I won’t get too much further in to the plot, as there are a couple of twists and turns that act to challenge the nature of who the bully is in the scenarios that unfold, but I will briefly talk on what this show did well, both dramatically and psychologically. With regards to the former, the isolation of the plot to one character, in one room, with the details of Casey’s relationships both on- and off-line emerging in realtime was a risky move; it demands a pretty nuanced performance from its lead. Thankfully, for the most part, Williams rises to this challenge with impressive skill. There are a few moments of less subtle dialogue, but I’m not sure whether that’s the fault of the scriptwriter, or whether that is in fact how adolescents now talk online – given the ever-changing, fluid nature of online life, the latter is perfectly likely. I might also have liked to see a little more focus on the repercussions of Casey’s own bullying – but I recognise that having a negative resolution to a one-off drama may not have pleased the executives at Channel Four who were handing out the money for this project. In terms of the Psychology behind the work, there’s plenty here to be lauded. In particular, I thought the focus on the “everyone is doing it” normative aspect of cyberbullying was an important one. Casey’s shout of – “Of course it’s not OK, it’s fucking nasty, but it’s normal, it happens” acts to perfectly summarise why cyberbullying is such a dangerous and widespread activity. When negative, exclusionary behaviours become normalised, there appears much less incentive to challenge those perpetrating the behaviour, or even to act as a positive bystander for your friends. One might hope that shows such as Cyberbully provide a positive reminder to adolescents and adults alike that such behaviours are not acceptable; their repercussions and consequences are widespread beyond the immediate victim, and those involved should be treated in the same way one might tackle a playground bully.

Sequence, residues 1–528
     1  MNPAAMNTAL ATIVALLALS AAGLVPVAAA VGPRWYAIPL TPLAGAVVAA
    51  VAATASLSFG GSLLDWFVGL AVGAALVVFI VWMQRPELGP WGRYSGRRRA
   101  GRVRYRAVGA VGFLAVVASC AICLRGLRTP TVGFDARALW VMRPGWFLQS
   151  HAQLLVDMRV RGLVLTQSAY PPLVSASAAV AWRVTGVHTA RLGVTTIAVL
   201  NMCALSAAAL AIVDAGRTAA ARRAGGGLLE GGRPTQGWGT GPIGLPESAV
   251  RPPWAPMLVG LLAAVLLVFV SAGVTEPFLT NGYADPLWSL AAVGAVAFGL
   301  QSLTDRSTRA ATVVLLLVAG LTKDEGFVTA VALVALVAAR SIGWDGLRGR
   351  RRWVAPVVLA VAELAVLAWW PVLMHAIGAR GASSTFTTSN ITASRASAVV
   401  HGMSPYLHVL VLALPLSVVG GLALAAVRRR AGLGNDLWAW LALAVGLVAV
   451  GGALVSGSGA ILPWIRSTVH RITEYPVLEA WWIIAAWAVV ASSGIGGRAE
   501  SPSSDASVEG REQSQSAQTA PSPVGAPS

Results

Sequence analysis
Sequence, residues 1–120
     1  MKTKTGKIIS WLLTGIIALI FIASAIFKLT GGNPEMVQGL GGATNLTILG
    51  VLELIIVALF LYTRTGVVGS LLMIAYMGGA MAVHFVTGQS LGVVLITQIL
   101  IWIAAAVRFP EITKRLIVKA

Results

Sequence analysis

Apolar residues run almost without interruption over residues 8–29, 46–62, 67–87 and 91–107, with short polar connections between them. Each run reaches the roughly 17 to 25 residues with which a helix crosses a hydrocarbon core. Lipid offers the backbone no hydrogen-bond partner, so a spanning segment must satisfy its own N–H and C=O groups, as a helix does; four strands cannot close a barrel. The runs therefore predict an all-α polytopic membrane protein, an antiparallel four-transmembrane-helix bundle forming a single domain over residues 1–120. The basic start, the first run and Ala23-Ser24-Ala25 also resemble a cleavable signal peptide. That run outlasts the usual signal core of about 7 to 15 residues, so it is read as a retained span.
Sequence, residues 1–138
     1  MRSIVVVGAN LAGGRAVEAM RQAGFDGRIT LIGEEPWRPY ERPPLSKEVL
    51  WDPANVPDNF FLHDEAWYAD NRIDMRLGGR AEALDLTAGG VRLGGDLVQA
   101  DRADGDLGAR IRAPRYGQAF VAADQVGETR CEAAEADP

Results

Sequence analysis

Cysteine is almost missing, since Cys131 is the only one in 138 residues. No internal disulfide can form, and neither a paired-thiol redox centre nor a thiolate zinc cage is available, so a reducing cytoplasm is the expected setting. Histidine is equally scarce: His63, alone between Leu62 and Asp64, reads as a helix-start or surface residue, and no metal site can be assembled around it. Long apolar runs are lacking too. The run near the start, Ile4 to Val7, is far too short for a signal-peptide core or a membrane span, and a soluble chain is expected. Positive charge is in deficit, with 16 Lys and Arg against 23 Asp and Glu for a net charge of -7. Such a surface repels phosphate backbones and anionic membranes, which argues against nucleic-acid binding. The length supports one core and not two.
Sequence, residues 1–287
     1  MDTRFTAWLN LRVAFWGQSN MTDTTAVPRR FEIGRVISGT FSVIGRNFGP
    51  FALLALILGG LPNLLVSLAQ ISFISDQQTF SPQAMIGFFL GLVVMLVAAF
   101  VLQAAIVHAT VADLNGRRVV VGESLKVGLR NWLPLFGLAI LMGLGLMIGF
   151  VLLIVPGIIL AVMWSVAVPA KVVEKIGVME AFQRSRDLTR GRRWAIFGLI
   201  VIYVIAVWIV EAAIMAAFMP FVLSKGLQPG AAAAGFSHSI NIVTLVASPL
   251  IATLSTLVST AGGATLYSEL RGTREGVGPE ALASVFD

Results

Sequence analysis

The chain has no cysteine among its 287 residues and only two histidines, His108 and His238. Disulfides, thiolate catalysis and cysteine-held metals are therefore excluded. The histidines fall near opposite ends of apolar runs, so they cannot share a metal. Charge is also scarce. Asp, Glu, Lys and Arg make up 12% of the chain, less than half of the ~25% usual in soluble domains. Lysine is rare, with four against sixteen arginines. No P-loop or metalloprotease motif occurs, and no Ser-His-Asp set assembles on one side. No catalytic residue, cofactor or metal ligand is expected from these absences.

Luke McGuire

February 2nd, 2015